We started wearing them in our local church 2 years ago. For standardization purposes mainly.

Chant the psalm in Coptic EVERY time?

Not in the church I attend now. I do not recall that this was practiced in Egypt either. However, it was practiced in the churches I attended in the US and Europe.
 
Wear, not linen tonias, but almost Byzantine like sticharions? Like the material that fancy priests and bishops wear.

No. Is this common? I have yet to see a deacon, priest or bishop wearing this kind of tonias. Are you maybe referring to the liturgical vestment of the priest, which he wears on top of the white linen / cotton tonia?

Chant the reading introductions and conclusions in Coptic?(especially apetjeek)

In "major" feasts and in the presence of a bishop like Anba Raphael who loves hymns and is never in a hurry.

Do the proper commemorations (Pinishti, maybe Evshes, even just the regular deacon response for the departed etc)
Shere Maria tiouro?

Pinishti when the liturgy coincides with the commemoration of a great monastic saint. We do not recite the deacon response for the departed.

Mention any other awesome, out of the ordinary, or just proper customs your church follows.

We pray about 20% of the liturgy in Coptic. Considering how much pressure there is to phase this language out altogether, I think this is remarkable.

Pretty solid answers. Is red the standard color for badrashils in your church?

copts tatoo . usually forbidden in orthodoxy.

What does this have to do with the price of eggs?

I laughed so hard. Actually out loud. Thank you. This will be in my signature
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« Reply #5 on: July 15, 2014, 08:39:01 PM »

Quote
Is red the standard color for badrashils in your church?

Yes.
« Last Edit: July 15, 2014, 08:39:18 PM by Stavro » Logged

In that day there will be an altar to the LORD in the heart of Egypt, and a monument to the LORD at its border. (Isaiah 19:19)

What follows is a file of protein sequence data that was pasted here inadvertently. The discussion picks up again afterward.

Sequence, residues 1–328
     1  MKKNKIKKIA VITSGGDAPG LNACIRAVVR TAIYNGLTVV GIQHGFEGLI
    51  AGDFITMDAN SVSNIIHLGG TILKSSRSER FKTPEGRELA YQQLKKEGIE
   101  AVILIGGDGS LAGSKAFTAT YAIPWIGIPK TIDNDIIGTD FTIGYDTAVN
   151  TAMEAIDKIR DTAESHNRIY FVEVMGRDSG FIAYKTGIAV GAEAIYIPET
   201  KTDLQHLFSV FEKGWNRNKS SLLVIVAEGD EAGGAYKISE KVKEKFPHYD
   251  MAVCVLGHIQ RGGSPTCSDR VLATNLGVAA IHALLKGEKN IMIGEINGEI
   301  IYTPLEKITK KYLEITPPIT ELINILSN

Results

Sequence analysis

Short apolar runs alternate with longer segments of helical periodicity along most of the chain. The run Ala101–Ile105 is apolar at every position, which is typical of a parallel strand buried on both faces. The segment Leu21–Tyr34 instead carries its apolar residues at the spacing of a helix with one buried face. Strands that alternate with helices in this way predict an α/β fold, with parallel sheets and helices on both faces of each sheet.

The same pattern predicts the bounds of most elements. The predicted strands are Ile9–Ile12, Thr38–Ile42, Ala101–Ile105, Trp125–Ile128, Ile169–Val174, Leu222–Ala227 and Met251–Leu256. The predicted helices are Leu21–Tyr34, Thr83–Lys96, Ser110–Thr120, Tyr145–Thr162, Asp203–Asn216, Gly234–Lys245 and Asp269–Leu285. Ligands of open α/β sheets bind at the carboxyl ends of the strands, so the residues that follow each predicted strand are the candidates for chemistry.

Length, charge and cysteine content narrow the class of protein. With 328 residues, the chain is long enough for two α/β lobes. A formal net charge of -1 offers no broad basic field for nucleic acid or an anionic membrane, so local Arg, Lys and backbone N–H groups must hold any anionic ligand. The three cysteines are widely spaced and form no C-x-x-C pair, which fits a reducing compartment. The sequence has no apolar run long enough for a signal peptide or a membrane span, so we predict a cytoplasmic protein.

" God forbid I should see the face of Judah or listen to his blasphemy" (Gerontius, Archmanidrite of the monastery of St. Melania)
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« Reply #6 on: July 15, 2014, 08:40:47 PM »

copts tatoo . usually forbidden in orthodoxy.

What does this have to do with the price of eggs?

 nothing about eggs , but   why  orthodoxy then ?
why not throw the bible out ;why not pray at pagan altars .

if copts want tatoos ,they can have tatoos.
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CopticDeacon
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« Reply #7 on: July 15, 2014, 08:51:47 PM »

Quote
Is red the standard color for badrashils in your church?

Yes.

Is your real name Stavro? I love the names Stavro and Pistavros.

I sometimes feel like we're missing things. Like when we skip Meghalo sometimes in lent.....like what? Are you serious? Its only to be chanted on the weekends. Our shortest liturgies are around 2 hours. I think one time on a wednesday we didn't do any hymns for the readings(except the gospel of course). We said Sotis Amen, skipped Tishori and the Hiten's, skipped shere ne maria etc....we read the Pauline Epistle, Catholic Epistle, and the Acts one after another...that left a hole in my heart haha.
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« Reply #8 on: July 15, 2014, 09:05:05 PM »

copts tatoo . usually forbidden in orthodoxy.

What does this have to do with the price of eggs?